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Pediatr Surg Int. 2013 May;29(5):419-23. doi: 10.1007/s00383-013-3287-7. Epub 2013 Mar 2.

Bilateral Wilms' tumour in a developing country: a descriptive study.

Author information

1
Department of Paediatric Surgery, Nelson R Mandela School of Medicine, University of KwaZulu-Natal, Durban, South Africa. hadley@ukzn.ac.za

Abstract

PURPOSE:

To present our experience of 20 children with bilateral Wilms' tumour seen in a resource-challenged environment over a 10-year period.

METHOD:

All patients with a diagnosis of bilateral synchronous Wilms' tumour were identified and recruited.

RESULTS:

Study patients represented 11 % of a cohort of 177 new patients with Wilms' tumour seen over the same period. Three patients had a syndromic predisposition to Wilms' tumour. Metastatic disease was seen at presentation in four patients (20 %) and three children presented with unilateral tumour rupture. One patient presented with paraplegia and one with obstruction of the duodenum. All children received neoadjuvant chemotherapy. One HIV-infected child died of IRIS after neoadjuvant treatment, but before surgery. One child died of progressive disease after unilateral nephrectomy. Nephron-sparing surgery was performed in 22 kidneys and 15 kidneys were removed in toto. Following enucleation of tumours, three children had positive margins. Discordant histopathology was seen in 53 % of patients. Overall survival at 2 years is 85 %.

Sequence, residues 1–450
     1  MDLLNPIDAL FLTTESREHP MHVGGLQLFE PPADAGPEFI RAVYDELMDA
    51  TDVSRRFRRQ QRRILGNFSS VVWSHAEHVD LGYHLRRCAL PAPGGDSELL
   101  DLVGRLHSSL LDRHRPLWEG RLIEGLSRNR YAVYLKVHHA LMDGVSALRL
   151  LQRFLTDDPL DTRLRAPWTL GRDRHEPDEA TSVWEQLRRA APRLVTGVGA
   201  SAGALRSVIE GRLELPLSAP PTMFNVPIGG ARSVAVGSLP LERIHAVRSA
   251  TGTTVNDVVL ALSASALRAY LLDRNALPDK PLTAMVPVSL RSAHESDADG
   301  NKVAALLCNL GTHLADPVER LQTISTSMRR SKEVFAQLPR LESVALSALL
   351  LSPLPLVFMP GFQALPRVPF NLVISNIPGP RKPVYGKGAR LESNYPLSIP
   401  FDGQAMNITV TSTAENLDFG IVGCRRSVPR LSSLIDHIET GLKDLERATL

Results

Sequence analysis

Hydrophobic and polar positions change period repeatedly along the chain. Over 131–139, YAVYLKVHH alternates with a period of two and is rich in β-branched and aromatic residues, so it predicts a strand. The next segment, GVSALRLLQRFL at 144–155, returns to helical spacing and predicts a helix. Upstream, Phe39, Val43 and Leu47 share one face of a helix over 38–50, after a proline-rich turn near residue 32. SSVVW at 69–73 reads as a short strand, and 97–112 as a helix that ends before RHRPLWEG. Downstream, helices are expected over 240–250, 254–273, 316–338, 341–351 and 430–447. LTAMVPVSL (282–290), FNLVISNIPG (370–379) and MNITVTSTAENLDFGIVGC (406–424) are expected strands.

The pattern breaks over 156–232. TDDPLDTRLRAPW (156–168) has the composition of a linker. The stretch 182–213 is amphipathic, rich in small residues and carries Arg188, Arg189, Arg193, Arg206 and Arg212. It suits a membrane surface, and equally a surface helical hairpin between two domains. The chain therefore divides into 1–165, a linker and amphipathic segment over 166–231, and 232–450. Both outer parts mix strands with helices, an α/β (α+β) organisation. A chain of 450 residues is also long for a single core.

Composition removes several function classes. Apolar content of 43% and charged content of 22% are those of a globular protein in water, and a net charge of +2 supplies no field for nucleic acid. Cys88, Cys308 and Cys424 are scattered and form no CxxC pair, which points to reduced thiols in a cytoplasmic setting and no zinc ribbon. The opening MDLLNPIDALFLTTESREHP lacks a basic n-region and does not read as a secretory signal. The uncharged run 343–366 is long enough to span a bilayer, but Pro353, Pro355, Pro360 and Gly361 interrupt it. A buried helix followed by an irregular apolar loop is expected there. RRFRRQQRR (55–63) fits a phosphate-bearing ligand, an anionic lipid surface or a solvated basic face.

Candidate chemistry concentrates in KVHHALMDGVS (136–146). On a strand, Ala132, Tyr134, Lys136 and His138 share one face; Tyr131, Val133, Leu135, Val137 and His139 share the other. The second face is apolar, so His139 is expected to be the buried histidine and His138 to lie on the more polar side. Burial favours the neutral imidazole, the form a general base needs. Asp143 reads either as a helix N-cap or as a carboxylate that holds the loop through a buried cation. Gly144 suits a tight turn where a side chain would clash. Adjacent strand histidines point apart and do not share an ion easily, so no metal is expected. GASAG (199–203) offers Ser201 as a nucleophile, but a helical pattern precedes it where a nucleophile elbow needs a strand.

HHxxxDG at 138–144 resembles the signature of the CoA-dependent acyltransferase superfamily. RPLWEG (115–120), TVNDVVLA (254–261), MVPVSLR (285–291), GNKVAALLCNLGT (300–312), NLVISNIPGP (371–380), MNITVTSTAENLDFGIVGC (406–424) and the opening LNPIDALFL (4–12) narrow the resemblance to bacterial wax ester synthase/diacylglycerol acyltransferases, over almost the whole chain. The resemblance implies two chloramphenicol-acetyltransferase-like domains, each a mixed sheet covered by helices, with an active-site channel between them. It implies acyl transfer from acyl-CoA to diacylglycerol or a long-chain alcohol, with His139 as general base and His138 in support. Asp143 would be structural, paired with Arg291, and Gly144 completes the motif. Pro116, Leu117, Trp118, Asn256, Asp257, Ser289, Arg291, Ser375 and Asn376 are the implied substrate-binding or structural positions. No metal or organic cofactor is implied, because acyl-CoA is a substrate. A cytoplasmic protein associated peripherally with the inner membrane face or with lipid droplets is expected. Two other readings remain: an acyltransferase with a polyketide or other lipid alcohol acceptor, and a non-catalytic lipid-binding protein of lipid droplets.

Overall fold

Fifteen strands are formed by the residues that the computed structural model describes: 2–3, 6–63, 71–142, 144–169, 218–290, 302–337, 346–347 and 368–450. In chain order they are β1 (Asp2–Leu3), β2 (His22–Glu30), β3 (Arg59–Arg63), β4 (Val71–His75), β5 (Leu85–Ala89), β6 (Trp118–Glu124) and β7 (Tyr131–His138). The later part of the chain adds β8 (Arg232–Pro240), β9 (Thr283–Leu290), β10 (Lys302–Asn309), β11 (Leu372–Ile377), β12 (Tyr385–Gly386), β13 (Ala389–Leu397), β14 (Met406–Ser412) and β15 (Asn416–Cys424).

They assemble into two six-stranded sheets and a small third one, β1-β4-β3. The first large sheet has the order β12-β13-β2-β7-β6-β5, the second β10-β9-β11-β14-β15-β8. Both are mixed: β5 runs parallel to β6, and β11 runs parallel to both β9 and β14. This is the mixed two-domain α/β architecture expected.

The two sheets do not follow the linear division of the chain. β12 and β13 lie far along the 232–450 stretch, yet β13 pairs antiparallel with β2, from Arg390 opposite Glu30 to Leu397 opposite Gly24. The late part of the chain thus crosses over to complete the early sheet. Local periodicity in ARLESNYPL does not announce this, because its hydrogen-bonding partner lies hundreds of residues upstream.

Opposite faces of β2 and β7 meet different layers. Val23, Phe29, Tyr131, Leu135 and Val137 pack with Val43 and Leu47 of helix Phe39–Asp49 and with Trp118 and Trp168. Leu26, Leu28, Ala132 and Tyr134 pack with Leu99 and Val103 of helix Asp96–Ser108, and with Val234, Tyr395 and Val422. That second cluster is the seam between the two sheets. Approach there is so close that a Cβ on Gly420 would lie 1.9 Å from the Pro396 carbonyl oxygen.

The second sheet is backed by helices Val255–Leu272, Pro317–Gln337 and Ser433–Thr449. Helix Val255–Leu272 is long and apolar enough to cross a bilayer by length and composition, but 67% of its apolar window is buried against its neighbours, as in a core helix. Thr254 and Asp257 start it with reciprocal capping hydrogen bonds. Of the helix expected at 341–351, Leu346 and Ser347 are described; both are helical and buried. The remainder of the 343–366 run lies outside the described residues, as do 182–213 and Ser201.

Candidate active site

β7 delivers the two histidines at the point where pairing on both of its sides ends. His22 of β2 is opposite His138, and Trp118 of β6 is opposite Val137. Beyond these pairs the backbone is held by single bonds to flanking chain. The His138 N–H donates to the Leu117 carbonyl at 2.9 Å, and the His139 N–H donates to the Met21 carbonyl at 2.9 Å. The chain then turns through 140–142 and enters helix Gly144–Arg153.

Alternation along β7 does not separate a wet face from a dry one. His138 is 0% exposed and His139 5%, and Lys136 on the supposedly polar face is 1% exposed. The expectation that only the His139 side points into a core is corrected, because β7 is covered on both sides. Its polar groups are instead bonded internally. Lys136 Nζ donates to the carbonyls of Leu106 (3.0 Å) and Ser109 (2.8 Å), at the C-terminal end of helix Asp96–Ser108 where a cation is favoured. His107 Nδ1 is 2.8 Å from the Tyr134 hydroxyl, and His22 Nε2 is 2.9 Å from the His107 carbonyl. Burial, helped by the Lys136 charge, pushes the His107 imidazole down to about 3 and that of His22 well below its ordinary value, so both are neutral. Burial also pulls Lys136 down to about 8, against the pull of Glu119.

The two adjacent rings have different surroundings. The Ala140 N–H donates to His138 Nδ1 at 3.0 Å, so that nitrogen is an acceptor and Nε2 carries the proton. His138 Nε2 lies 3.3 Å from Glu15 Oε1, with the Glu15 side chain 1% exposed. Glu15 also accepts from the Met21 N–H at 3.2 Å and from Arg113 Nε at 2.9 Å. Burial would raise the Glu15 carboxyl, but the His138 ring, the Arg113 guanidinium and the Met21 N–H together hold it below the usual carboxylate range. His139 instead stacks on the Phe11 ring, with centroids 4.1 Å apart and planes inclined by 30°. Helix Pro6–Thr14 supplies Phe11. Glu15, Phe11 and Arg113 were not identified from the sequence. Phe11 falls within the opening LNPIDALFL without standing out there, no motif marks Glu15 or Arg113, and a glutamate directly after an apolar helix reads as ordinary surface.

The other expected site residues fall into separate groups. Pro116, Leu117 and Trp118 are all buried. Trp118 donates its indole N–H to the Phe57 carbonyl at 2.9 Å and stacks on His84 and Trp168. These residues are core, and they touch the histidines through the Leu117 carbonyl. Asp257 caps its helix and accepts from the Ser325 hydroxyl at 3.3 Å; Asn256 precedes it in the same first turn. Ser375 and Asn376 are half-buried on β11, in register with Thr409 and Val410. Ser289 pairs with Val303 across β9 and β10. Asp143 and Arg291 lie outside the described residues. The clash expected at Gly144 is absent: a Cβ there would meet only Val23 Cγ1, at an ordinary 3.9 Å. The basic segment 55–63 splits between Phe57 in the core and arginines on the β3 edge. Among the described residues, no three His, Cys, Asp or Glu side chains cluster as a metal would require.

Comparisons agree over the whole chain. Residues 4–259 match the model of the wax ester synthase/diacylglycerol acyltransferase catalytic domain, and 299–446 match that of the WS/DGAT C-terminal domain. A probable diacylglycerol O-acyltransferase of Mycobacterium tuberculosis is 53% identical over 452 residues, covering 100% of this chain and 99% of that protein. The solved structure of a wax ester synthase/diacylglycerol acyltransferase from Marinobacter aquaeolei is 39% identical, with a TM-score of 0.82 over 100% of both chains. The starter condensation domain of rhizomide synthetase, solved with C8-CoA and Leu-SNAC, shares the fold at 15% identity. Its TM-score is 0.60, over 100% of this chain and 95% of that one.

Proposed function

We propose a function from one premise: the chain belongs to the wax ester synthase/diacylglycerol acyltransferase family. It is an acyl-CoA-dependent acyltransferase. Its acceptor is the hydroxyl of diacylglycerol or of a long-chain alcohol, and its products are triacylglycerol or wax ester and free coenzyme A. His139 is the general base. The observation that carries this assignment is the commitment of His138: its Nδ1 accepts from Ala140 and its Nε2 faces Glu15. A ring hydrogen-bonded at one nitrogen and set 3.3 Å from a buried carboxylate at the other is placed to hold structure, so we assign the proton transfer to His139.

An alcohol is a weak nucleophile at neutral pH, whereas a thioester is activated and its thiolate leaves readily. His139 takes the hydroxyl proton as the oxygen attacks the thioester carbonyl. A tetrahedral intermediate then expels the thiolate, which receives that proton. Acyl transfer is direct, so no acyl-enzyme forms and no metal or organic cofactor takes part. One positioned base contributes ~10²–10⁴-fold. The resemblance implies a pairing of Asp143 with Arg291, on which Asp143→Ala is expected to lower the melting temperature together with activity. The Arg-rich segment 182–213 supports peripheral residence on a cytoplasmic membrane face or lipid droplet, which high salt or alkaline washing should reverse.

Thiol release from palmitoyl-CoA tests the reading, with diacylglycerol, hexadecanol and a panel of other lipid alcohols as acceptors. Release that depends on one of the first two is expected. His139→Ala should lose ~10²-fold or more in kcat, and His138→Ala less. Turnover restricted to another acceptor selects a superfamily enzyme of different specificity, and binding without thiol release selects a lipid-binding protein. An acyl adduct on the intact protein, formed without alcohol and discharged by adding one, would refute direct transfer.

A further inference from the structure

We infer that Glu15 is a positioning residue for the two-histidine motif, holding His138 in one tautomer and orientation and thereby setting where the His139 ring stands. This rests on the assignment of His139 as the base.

CONCLUSION:

Despite significant co-morbidity and advanced disease, bilateral Wilms' tumour is a treatable disease in a resource-constrained environment.

PMID:
23456286
DOI:
10.1007/s00383-013-3287-7
[Indexed for MEDLINE]

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